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What the metro areas leading in pandemic recovery have in common

Certain metro areas saw exceptionally high employment rate changes in Q1 2022 compared to a year ago.

Las Vegas. (Photo by Flickr user Daxis, used via a Creative Commons license)
At first glance, there doesn’t appear to be any rhyme or reason that ties the dark red dots on the US Department of Labor Statistics’ latest employment map.

Amid the national unemployment rate hitting a new low since the start of the pandemic, the map shows the metro areas that have had the most positive change in nonfarm employment from February 2021 to February 2022.

Areas that are in the 10%-plus range (very high) include Atlantic City-Hammonton, New Jersey (14.7%), Bloomington, Indiana (9.5%), Midland, Texas (9.7%), Las Vegas-Henderson-Paradise, Nevada (12.7%), Santa Fe, New Mexico (10.8%) and Kahului-Wailuku-Lahaina, Hawaii (12.9%).

A couple of the rapid growth metros — Las Vegas and Kahului, especially — are areas with a big tourism industry and a large number of jobs in hospitality, the sector hardest hit by the pandemic. But that’s not true for all of them. Atlantic City went into the pandemic struggling to expand gaming due to blight. Bloomington is a small heartland city where Indiana University is by far the largest employer. Midland is a growing oil and gas town with a major aerospace presence. Santa Fe draws its share of tourists, but it’s really a biotech town.

These booming metros are spread out across the US and have varying climates, cultures and demographics:

Change in nonfarm employment by metropolitan area, February 2021 to February 2022, not seasonally adjusted. (Chart via BLS)

But they do have some things in common.

None of them are big cities.

Big cities are seeing growth, but at a slower clip: New York City, Chicago, Philadelphia, Miami and Los Angeles are all in the 5% to 7% growth neighborhood. (Encouragingly, though, brand-new BLS data says employment is up in nearly 50 of the country’s largest metro areas over the same year.)

Actually, they’re all college towns.

“College town” might not be the first thing you think of when you think of Las Vegas or Atlantic City, but these metros all have a prominent college or university. Kahului, which is a less touristy, more “lived in” part of Maui, is home to University of Hawaii Maui; Hammonton has Stockton University; Santa Fe has Southwestern and St. John’s; Texas Tech has a health sciences campus in Midland; University of Nevada is based in Las Vegas; and of course, Bloomington is the home of Indiana University.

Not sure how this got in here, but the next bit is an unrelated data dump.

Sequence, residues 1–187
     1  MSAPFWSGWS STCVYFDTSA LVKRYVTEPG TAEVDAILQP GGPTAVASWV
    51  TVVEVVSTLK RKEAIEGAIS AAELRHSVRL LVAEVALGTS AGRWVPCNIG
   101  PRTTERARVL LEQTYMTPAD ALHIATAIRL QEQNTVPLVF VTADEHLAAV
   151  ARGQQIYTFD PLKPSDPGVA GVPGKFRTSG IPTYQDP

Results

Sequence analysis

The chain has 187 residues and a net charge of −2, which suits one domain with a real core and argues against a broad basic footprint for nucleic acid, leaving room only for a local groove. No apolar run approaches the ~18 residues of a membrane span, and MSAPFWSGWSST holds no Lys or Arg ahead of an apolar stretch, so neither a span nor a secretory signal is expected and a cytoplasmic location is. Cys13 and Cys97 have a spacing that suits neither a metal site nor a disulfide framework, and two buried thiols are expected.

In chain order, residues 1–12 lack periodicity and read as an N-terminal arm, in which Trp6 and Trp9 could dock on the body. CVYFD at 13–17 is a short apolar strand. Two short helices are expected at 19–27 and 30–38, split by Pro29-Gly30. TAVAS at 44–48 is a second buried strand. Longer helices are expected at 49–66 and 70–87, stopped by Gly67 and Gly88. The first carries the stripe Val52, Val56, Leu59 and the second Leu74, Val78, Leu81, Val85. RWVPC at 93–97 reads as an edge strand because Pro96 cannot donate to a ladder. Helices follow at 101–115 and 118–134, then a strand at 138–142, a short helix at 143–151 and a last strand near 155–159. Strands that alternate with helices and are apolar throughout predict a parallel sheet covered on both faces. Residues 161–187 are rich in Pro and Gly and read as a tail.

Colleges and universities were kept afloat by CARES Act funding in 2021 and are major employers in smaller college towns, making this commonality a possible factor.

They’re growing, but could use a little revitalization.

Granted, it’s probably fair to say that most metro areas are in need of some revitalization and were before the pandemic. But where revitalization is needed, COVID-19 grant money has increased the amount and accessibility of aid for improvements, especially for restaurants and other small businesses. Couple that with the infrastructure package signed by President Joe Biden this year, and smaller cities with revitalization plans will see the impact of new job-creating projects.

The other end of the spectrum.

Where is growth the slowest? That’s slightly easier to eyeball, looking at the data.

For the most part, metros where employment growth is slow (2.2% or lower) are located within the eastern half of the 48 contiguous states, divided pretty evenly between north and south, with slightly fewer on the East Coast. They include Portland, Maine (1.3%), Virginia Beach (1.6), Lawton, Oklahoma (0%), Ithaca, New York (-0.7%) and Houma-Thibodaux, Louisiana (-2.1%). These metros, too, are varied and include a couple of smaller tourist destinations and one college town (Ithaca).

Their biggest common denominator is that they’re not in the western part of the country, where the data shows fewer 9%+ rapid growth metros, but also, almost none of the slowest metros.

Is the talent pool keeping up with the rate of new jobs?

States that are struggling the most in hiring, which is a different data set compiled by WalletHub, include some of the country’s least metropolitan states: Alaska, Vermont, Wyoming, New Hampshire and Montana. This is despite the fact that more companies are hiring remote employees and more workers are largely migrating away from large cities. As companies acclimate more to hiring outside of their local areas, the struggle may lessen, if companies in these states can offer competitive pay.

By contrast, those that are struggling the least are the District of Columbia, Washington, Delaware, New York and Kansas.

Companies: Bureau of Labor Statistics

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